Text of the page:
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Case

KFC China: Still “Finger Lickin' Good?”

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At the end of 2012, an “instant chicken” scandal was revealed in China after a leading national broadcaster reported that chickens reared for KFC in the country were illegally fattened with excessive antibiotics. The local food safety authorities investigated the situation and found that KFC China had been aware of the situation since 2010 but had chosen to remain silent. Local consumers and netizens were in an uproar over the scandal, which eventually in 2013 broke the group's 11-year streak of double-digit growth. A series of marketing campaigns were conducted to rescue the reputation of the fast food giant. The incident reflects the challenges faced by KFC China's supply chain management in ensuring the safety and quality of products from its first-tier suppliers and their suppliers in a subsequent tier. Would the “Finger Lickin' Good” chain be able to rebound fast from the scandal? What could KFC China do about its supply chain and consumers' trust?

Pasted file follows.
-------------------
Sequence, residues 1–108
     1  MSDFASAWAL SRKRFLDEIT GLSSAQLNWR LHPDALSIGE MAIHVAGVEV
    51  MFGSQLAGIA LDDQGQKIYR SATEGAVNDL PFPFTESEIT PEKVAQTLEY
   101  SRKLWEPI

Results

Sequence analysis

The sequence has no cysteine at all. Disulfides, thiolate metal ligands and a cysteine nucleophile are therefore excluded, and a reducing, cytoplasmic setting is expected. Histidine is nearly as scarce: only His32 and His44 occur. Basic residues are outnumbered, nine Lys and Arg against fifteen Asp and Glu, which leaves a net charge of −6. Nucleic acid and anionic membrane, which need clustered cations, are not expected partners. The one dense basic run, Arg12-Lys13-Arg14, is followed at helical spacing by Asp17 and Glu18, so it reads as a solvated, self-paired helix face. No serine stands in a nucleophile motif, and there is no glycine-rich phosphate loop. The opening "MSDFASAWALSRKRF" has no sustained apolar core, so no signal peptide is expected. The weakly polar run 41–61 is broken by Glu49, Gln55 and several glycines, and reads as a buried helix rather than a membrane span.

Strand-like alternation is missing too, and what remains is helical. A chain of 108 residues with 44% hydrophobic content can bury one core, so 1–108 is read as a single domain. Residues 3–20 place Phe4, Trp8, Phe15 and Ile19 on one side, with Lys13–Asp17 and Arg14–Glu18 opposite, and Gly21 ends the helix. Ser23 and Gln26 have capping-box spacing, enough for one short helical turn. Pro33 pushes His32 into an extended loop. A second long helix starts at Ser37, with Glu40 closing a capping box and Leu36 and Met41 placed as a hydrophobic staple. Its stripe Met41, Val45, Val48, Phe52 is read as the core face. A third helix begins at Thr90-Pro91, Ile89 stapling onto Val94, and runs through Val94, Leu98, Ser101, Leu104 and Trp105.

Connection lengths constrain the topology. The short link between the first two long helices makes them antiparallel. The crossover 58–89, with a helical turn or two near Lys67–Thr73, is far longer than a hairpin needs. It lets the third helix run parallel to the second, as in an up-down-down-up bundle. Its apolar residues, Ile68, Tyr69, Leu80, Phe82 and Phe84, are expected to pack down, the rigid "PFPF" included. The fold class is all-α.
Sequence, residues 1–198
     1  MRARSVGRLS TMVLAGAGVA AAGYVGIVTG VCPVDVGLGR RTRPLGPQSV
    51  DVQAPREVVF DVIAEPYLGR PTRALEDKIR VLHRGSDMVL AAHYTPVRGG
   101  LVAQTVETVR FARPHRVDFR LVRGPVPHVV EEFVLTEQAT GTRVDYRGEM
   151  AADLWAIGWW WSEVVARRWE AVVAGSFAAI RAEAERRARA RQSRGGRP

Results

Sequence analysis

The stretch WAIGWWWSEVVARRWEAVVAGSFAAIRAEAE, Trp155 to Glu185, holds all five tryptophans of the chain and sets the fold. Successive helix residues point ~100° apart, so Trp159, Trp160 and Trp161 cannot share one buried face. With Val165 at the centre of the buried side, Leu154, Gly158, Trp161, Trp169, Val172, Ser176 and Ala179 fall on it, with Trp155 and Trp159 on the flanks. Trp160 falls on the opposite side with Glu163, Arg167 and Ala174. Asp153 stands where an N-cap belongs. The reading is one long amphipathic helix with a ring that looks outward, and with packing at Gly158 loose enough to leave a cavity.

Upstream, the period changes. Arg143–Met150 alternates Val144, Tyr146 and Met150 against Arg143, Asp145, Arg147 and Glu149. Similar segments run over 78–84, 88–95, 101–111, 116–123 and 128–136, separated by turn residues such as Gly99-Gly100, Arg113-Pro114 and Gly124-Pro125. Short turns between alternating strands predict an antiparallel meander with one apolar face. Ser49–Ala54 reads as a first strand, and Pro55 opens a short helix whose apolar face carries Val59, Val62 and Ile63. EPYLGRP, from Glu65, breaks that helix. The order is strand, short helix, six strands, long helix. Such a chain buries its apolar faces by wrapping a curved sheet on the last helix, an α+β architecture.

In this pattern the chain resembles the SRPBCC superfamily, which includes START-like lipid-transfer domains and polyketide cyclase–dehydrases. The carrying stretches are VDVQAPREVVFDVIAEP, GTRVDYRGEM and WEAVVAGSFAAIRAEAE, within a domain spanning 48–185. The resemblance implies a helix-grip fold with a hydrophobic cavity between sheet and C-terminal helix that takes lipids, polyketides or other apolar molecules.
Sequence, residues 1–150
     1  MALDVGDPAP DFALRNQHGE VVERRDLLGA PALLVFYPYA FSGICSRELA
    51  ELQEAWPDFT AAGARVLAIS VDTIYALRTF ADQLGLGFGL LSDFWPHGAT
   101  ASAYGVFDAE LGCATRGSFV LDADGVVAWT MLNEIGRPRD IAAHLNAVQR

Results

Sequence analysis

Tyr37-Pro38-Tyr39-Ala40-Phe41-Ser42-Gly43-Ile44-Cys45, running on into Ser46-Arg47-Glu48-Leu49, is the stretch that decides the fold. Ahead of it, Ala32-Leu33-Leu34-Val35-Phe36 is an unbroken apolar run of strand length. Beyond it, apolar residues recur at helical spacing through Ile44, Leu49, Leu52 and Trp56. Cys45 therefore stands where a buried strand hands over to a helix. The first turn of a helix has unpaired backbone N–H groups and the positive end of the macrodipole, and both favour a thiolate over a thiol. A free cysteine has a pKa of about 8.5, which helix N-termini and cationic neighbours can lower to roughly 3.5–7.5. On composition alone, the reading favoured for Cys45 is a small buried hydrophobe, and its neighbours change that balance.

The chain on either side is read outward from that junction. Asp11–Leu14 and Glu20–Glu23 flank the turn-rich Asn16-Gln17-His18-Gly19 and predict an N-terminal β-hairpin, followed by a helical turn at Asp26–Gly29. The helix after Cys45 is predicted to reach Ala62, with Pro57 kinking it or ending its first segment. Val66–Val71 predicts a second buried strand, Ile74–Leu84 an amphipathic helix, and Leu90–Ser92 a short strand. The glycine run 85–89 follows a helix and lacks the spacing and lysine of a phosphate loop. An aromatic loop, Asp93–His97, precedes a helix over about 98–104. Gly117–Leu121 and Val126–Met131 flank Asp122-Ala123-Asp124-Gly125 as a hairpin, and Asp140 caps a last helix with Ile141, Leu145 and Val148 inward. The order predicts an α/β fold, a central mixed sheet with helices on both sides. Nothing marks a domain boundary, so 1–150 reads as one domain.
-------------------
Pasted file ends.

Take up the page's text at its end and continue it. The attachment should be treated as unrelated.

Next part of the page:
Learning Objective:

To explore the concept of responsible supply chain management
To examine the risks and opportunities in outsourcing and vertical integration
To identify key factors in rebuilding brand and consumer trust
To explore the concept of crisis management

Year of Publication: 2014
Ref. No.: 14/544C
Discipline: Strategy & General Management
Industry: Fast-Food Restaurant
Country: China (People's Rep. of)
Company: KFC Corporation
Languages: English
Pages of Text: 17